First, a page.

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March 1, 1998

Stock Fraud Crack-Up

By Cromwell Coulson

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  • Stock Fraud Crack-Up

The Securities and Exchange Commission has published for public comment proposed changes to 15c2-11, the rule that governs publication of quotes in securities that are not listed on Nasdaq or an exchange (see Release No. 34-39670).

The rule covers quotations in the pink sheets and on the OTC Bulletin Board as well as the over-the-counter markets in corporate bonds and foreign securities. While the SEC has good intentions, I think the rule would have unintended consequences highly detrimental to investors, issuers and the secondary markets.

The rule would require all market makers to:

* Obtain, review and verify the accuracy of information about an issuer when they initiate quotations in a non-Nasdaq OTC security.

* Obtain, review and verify the accuracy of that information annually if they publish priced quotations.

* Document their compliance and publish the collected information.

The proposed rule requires market makers to have a reasonable basis for trusting that issuer information is accurate and obtained from reliable sources. Market makers would have to ascertain if there are indications of potential or actual fraud or manipulation. The review process applies to both SEC-filing and non-filing issuers.

The proposed rule, however, is based on two flawed premises: that micro-cap fraud will cease if legitimate market makers discontinue publishing quotations in questionable securities, and that market makers should be responsible for issuer information.

It is wrong to give traders responsibility for the accuracy of information produced by third parties they do not control. The potential liability from an implied right of action by investors would drive legitimate firms from making markets, providing the remaining market makers an incentive to refrain from publishing prices.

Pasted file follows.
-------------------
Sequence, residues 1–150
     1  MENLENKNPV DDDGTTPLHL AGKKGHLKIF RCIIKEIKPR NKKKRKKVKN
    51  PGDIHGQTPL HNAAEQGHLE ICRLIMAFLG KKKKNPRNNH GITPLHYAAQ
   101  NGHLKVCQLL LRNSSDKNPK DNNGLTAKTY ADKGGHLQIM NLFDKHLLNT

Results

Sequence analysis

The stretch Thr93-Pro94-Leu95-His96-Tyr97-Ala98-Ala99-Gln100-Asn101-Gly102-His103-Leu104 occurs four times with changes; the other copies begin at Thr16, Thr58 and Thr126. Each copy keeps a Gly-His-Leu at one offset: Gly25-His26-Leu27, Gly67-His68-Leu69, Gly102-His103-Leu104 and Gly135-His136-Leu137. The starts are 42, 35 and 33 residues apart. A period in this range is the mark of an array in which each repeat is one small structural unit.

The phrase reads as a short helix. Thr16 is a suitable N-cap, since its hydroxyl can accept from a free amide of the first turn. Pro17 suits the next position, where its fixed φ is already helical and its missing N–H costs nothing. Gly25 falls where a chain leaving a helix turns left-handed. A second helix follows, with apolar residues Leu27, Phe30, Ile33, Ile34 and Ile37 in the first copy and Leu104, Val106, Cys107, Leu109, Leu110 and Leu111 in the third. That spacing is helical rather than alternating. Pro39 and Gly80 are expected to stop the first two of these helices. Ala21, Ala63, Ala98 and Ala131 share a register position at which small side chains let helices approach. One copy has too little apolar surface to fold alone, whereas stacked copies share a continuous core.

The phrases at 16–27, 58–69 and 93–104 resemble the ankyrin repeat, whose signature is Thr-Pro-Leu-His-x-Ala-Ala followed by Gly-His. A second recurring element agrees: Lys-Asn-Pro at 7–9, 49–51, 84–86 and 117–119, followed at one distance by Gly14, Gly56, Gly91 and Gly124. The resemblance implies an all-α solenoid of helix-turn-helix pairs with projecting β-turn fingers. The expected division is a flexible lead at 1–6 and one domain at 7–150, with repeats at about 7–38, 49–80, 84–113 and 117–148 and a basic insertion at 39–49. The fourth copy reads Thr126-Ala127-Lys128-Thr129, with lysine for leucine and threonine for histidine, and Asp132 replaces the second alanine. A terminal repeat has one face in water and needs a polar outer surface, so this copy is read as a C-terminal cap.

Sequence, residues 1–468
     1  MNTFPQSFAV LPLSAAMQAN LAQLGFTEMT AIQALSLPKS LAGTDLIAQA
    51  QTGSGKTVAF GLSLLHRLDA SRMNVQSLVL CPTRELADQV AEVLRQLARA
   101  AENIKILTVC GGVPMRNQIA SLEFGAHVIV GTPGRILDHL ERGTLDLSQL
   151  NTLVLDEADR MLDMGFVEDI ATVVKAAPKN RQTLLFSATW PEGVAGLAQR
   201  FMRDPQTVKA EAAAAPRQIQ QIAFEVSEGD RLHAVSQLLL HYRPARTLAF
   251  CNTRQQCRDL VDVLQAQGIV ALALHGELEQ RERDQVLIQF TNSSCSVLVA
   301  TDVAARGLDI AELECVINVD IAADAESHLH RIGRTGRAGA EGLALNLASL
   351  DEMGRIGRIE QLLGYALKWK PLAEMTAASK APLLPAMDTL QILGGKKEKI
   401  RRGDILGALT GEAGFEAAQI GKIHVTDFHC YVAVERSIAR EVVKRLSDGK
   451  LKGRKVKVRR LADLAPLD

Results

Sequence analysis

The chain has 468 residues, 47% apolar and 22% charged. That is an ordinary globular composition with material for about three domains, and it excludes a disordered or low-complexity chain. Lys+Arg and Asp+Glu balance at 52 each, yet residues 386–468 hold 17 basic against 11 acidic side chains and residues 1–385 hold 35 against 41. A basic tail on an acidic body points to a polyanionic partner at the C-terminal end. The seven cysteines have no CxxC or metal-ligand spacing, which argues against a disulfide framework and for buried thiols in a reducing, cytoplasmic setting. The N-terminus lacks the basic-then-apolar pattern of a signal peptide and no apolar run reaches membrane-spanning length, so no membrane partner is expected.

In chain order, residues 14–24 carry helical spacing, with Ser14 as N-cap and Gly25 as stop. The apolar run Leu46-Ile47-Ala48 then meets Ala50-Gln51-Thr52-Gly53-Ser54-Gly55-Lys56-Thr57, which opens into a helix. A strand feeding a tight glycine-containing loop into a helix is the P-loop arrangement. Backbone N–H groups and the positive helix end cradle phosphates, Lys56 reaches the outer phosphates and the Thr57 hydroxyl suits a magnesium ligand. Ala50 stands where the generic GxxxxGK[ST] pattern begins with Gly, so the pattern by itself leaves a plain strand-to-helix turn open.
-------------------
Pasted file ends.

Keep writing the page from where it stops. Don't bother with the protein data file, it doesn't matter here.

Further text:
In fact, it is much easier to manipulate trade reports when firm bids and offers are not transparent. This way, the crooks would have free reign as the honest players exit the business.

A competitive and transparent market should be available for all securities. Regulators should have the tools to punish entities that seeks to manipulate the markets or to defraud investors.

Fraud, of course, takes places across all markets. New York Stock Exchange-listed Centennial Technologies defrauded investors of more than $350 million. The corrupt New York-based penny-stock firm Stratton Oakmont was lead manager in twenty-seven Nasdaq stock offerings, according to Securities Data Publishing.

On Feb. 26, an officer of New York-based A.R. Baron & Co. was convicted of twenty-five charges, including enterprise corruption, scheming to defraud, falsifying business records, perjury and manipulating prices of eight Nasdaq-listed companies.

Alas, forcing issuers to provide financial disclosure does not prevent fraud. Other fraudulent outfits, Comparator Systems and Systems of Excellence, both Nasdaq companies, filed information with the SEC.

The issuers, promoters and retail brokerages that commit micro-cap fraud are violating and ignoring existing securities laws.

But placing higher regulatory and liability burdens on market makers that have no relationship with the issuers, promoters or retail brokers is not the answer to the problem. The market maker's role is to find a price point where supply equals demand. If there are falsehoods in the marketplace distorting the supply and demand, it is the entities that are lying that should be punished, not the honest participants.